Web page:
We’re coming up on three years since former Yankees catcher Jim Leyritz was in the auto accident that claimed the life of Fredia
Ann Veitch, and he still has yet to go to trial. Trial was set to start next week, but that’s on hold because Leyrtiz is taking in interlocutory appeal of a key evidence ruling.
At issue is evidence of Veitch’s blood alcohol content — she herself was over the limit at the time — and whether she was texting at the time of the crash. The judge has struck it from the trial, while Leyritz wants to introduce it into evidence.
Why? Because while there’s a strong belief out there that, because Leyrtiz was drunk, he’s virtually assured of being convicted for manslaughter, legally speaking that’s not the case. If he was drunk but otherwise obeying all traffic laws and didn’t do anything to cause the crash, and if Veitch was the one who did cause it, the most he can be convicted of is DUI. While that seems rather unpalatable given that Veitch is dead and Leyritz is not, her behavior before the crash — legally speaking — would seem pretty critical.
I haven’t been following the case too closely recently so I’m not sure what the basis was for the judge striking the evidence, but if his ruling stands, Leyritz is in deep, deep trouble.
Cardinal closer Trevor Rosenthal was taken out of last night’s game against the Red Sox after he gave up a big homer and a walk. He velocity was down as well, and Mike Mathney said after the game that he didn’t look right. Now the Cardinals are going to take a closer look at him, and he’ll be examined today for what is being described as “tightness” in his right arm.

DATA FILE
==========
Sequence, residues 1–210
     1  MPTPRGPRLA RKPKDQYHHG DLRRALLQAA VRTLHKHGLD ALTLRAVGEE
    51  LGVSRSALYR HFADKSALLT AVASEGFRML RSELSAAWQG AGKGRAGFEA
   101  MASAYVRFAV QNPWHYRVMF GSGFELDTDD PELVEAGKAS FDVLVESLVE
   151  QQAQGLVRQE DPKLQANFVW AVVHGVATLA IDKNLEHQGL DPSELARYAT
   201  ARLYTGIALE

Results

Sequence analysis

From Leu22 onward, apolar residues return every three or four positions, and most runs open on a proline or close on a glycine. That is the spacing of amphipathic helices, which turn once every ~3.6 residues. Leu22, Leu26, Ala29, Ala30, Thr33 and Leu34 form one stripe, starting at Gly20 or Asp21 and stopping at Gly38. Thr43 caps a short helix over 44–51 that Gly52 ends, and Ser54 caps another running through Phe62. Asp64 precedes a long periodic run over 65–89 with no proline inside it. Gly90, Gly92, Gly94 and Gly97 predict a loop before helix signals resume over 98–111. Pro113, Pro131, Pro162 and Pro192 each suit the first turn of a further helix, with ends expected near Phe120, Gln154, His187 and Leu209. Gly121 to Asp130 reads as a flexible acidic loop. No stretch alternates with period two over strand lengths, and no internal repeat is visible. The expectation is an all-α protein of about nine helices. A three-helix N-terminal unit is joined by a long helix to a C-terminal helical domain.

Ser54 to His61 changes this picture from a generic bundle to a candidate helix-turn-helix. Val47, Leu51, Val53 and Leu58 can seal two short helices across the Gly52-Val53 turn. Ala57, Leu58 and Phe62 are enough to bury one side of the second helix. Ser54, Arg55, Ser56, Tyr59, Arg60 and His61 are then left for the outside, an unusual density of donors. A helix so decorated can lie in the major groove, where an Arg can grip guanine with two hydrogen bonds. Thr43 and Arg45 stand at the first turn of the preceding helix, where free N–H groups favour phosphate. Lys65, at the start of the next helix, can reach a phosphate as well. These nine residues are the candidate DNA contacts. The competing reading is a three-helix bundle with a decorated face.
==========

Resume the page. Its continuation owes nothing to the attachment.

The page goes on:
Rosenthal is 3-4 with a 3.40 ERA and a K/BB ratio of 76/20 in 47.2 innings. He has 11 saves after regaining the closer’s job from Seung Hwan Oh. Now some combination of Oh, Tyler Lyons, and John Brebbia will fill in for Rosenthal to the extent he needs to miss time.
Aaron Judge hit a monster home run in last night’s win over the Mets, but he also set a dubious record. Judge struck out for the 33rd consecutive game, setting a new mark for a position player in a single season.
Yes, that’s qualified. No pitchers, of course, as I assume many of them have struck out in more than 33 straight games. Also, Adam Dunn once struck out in 36 straight games, but that straddled two seasons: he struck out in the final four games of 2011 and the first 32 games of 2012. Still, Judge’s feat is impressive, and given the nature of his game and the state of baseball these days, it’s not hard to imagine him striking out in three or four more straight games anyway.
None of which, by the way, should be all that much of a slight on Judge. The guy is still hitting .291/.420/.614, even with his second half slump. If I was a manager I’d happily accept his whiffs in exchange for everything else he brings to the table. It’s not 1959 anymore, and strikeouts are not the worst thing that can happen.